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Signs and symptoms of Thalassemia

Thalassemia causes a considerable health problem in India that significantly contributes to morbidity and mortality. Many studies have reported that in India there is an overall prevalence of around 75 to 100 thousand new cases of Thalassemia each year. The highest prevalence of Beta- Thalassemia traits in different major states of India have shown about 7.55% cases in Gujarat, 6.5% cases in Punjab, 5.5% in Delhi, and 4.2% in Calcutta. As per current Indian scenario, at least 14.2 Million units of blood are required per year. A total therapy cost of a child per year is reported around Rs 2 lakhs per year.

What is Thalassemia?
Thalassemia is known as a genetic blood disorder in which a patient is unable to produce enough Red Blood Cells or produce an abnormal form of hemoglobin. Such patients need to be supplemented with regular RBC transfusions every 2-3 weeks to survive and stay healthy. Thalassemia patients are more prone to suffer from anemia, leaving them fatigued. If both of parents are suffering from thalassemia, then they have a greater chance of inheriting a more serious form of Thalassemia to their children. Therefore prevention is the best remedy to control the further prevalence of this disease.

Thalassemia has mainly three types- alpha thalassemia, beta thalassemia, and thalassemia minor. Beta-thalassemia is the main causative type.

Alpha Thalassemia
The alpha thalassemia occurs when one or more of the four alpha-globin genes located on chromosome 16 that help to produce hemoglobin are missing or damaged. Alpha Thalassemia has following sub-types:

  • Silent Carrier: Only one gene is affected or muted. Such patients may appear healthy but they remain a carrier of the disease and can pass it on to their children.
  • Alpha-thalassemia trait: Here two genes are affected. Such patients often have the hemoglobin of 7-9 g/dl. They may require blood transfusion only at times when their Hb drops with any stress or infection in the body.
  • Hemoglobin H disease: There are 3 mutated genes. Signs and symptoms are moderate to severe.
  • Alpha Thalassemia major: This is a rare type having 4 mutated genes. Babies born with this condition usually die due to anemia, shortly after birth. They may require a lifelong transfusion therapy along with Iron chelation therapy.

Beta thalassemia
Beta thalassemia usually occurs when the body is unable to produce beta globin. It comes in two serious subtypes, such as- Thalassemia major and Thalassemia intermedia.

  • Beta-Thalassemia major- It is the most serious type and generally develops when beta-globulin genes are muted or missing. Its symptoms generally appear before the second birthday of a child. This condition has a high prevalence of causing severe anemia, so it may become life-threatening.
  • Beta-Thalassemia Intermedia
  • It is comparatively less severe form, occurs due to modifications or absence of both beta globulin genes. Patients suffering from this condition don’t need a blood transfusion.

Thalassemia minor
These patients don’t usually appear normal or likely to be minor anemia. This condition is classified as Alpha or Beta thalassemia minor. In Alpha thalassemia minor, two genes are missing. In beta- thalassemia minor, one gene is missing.

Signs and Symptoms
Key signs and symptoms in severe cases may include:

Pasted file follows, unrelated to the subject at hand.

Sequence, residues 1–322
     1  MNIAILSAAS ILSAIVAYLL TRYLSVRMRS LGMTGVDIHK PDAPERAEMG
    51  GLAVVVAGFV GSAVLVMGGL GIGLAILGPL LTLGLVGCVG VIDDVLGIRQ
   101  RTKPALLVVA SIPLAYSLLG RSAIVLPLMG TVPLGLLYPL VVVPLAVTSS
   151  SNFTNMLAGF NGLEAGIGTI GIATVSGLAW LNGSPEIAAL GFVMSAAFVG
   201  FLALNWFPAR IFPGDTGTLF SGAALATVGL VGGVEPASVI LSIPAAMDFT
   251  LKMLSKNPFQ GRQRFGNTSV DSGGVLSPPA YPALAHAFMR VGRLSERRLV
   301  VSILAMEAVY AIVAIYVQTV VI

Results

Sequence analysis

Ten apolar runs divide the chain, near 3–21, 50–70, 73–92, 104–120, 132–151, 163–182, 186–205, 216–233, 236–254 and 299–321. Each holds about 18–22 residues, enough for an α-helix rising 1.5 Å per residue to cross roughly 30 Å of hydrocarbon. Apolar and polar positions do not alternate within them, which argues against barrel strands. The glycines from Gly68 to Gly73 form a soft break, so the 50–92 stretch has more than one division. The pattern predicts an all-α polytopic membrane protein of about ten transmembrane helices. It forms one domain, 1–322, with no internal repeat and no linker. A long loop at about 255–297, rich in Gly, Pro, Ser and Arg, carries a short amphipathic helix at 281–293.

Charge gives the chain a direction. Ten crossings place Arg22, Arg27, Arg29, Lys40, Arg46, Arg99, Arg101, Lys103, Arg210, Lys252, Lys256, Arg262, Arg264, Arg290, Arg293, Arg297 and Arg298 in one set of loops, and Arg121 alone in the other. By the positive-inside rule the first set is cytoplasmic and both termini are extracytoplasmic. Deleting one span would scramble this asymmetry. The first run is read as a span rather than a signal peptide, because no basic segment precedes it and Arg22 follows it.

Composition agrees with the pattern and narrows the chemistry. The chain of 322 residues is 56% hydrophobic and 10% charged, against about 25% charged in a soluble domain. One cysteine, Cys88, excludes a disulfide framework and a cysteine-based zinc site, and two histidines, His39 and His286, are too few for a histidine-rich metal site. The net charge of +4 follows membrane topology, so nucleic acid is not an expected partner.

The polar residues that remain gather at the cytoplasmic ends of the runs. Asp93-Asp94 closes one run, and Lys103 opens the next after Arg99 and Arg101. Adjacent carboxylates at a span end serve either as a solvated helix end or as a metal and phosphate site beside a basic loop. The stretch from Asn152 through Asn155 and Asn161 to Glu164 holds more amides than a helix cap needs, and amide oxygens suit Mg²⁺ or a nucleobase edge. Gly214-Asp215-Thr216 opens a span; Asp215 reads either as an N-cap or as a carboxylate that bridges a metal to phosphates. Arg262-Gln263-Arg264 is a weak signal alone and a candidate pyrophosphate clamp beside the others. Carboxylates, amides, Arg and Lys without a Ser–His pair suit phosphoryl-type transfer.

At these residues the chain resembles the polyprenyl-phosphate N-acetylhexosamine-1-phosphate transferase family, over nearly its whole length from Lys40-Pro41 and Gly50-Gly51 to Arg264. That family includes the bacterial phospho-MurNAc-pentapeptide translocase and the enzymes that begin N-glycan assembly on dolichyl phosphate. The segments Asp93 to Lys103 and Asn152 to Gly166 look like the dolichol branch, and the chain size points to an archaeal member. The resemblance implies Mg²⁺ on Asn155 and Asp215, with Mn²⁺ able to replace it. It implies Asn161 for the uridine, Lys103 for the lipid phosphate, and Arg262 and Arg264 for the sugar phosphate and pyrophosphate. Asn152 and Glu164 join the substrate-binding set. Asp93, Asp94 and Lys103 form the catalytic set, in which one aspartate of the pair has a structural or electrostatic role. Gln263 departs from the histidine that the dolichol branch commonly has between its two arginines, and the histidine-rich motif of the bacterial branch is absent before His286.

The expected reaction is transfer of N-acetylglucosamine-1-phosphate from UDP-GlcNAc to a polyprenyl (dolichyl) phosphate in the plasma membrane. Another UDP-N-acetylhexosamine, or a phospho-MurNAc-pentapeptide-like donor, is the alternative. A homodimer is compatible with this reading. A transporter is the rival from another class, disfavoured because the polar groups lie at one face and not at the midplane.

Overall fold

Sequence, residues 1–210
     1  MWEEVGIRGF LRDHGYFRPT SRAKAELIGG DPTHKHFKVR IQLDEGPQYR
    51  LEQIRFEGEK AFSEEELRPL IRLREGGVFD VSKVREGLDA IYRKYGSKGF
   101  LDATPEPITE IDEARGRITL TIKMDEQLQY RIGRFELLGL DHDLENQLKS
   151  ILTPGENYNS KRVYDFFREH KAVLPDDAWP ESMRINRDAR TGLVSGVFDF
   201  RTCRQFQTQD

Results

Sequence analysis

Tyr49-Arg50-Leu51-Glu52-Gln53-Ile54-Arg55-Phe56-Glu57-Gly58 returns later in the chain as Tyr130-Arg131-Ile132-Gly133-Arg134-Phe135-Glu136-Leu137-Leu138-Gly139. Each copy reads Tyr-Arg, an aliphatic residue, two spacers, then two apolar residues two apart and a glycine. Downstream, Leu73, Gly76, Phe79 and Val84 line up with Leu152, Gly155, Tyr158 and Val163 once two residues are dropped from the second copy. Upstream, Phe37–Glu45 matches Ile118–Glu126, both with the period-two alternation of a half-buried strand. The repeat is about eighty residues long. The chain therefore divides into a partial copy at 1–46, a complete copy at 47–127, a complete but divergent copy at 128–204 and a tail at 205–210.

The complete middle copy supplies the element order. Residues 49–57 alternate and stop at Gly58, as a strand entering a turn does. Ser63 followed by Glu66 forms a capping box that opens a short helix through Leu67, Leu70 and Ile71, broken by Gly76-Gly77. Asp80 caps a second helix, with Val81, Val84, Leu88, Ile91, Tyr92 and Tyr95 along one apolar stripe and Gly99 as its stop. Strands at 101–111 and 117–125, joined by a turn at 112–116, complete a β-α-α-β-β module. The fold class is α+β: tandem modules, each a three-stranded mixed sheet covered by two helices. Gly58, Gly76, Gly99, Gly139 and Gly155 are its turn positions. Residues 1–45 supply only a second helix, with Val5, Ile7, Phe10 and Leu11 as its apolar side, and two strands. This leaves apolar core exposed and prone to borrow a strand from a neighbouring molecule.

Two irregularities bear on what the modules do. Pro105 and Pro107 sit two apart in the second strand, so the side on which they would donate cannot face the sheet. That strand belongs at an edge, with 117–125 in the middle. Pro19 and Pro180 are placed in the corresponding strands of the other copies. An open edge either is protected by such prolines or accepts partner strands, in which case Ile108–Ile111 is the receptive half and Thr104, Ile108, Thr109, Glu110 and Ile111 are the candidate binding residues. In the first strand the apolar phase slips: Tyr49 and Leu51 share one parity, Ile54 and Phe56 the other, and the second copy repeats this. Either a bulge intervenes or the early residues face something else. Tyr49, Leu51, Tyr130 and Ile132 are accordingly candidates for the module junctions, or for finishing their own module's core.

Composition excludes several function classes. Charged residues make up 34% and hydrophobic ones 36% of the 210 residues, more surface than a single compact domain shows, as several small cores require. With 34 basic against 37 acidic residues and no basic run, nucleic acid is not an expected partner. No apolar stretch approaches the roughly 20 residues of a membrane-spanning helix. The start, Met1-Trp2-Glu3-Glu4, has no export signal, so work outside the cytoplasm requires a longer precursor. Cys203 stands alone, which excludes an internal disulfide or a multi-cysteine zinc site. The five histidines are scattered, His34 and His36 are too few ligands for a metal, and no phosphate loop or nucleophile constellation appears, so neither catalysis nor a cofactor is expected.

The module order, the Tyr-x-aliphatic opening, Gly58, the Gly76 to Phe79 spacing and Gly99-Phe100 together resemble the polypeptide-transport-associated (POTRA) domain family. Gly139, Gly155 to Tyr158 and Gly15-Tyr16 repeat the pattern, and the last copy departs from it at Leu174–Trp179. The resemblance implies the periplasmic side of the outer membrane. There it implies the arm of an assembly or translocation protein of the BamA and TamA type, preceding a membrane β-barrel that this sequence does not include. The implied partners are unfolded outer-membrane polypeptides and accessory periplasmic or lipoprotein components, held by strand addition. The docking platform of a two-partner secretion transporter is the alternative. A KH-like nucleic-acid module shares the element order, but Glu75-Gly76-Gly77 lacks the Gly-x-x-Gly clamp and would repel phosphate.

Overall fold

• Exhaustion, Fatigue or Weakness
  • Yellow or pale skin
  • Frequent infections
  • Poor appetite
  • Enlarged organs
  • Facial bone deformities
  • Slow body growth
  • Swelling in abdomen
  • Dark urine

A person should go for getting tested if one of his/her parents or relative has some kind of Thalassemia.

Risk and complications:
Following factors may increase the risk of thalassemia such as:

  • Family history: Thalassemia can be genetically transferred from parents to children. Therefore, a person has a family history of thalassemia, may have an increased risk to get affected with the condition.
  • Geographical Inheritance: Thalassemia mostly affects people of African-Americans, Mediterranean, and Southeast Asian ancestry.

Major complications of thalassemia include:

  • Overloading of Iron: Thalassemia patients can store too much iron in their bodies, either due to the disease or from repeated blood transfusions. This excessive storage of iron is harmful to heart, liver and endocrine system.
  • Infection: Thalassemia patients have a greater risk of getting affected with an infection, especially when their spleen is removed.

Diagnosis
Following tests are performed to confirm Thalassemia:

  • A complete blood count (CBC).
  • Gene testing to analyze specific genes that cause thalassemia.
  • Blood iron level test.
  • Hemoglobin electrophoresis test helps to separate out the different molecules in the RBCs to identify the abnormal type.

Treatment

The treatment depends on the severity and type of disease involved.

Various treatments options include:

  • Blood transfusion
  • Medications and supplements
  • Bone marrow transplant
  • Surgery to remove the spleen or gallbladder

While receiving a blood transfusion, patients may also require chelation therapy. A chelation therapy generally involves injecting a measured dose of a chemical that binds to iron and helps to excrete extra iron from your body.

Thalassemia is hard to treat genetic condition, but it can be easily controlled and prevented to spread further. So, it should be the collective and moral responsibility of all Indian people to give their best cooperation to prevent and control Thalassemia.

So, if you are about to be married or just married, you should visit us at Shah Hospital to get yourself tested for Thalassemia.

Your current wise decision can give you happiness for the whole life.